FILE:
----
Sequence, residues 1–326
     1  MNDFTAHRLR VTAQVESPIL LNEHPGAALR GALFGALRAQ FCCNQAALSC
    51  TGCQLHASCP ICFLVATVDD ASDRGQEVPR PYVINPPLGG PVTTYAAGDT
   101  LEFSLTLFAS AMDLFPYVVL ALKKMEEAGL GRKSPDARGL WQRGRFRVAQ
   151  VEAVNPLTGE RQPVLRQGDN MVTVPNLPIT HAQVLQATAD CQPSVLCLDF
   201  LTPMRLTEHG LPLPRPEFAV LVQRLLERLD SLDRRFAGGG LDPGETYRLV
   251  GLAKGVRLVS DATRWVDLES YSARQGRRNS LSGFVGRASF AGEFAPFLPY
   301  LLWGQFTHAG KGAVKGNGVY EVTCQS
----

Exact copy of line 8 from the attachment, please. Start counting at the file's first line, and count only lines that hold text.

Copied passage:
   301  LLWGQFTHAG KGAVKGNGVY EVTCQS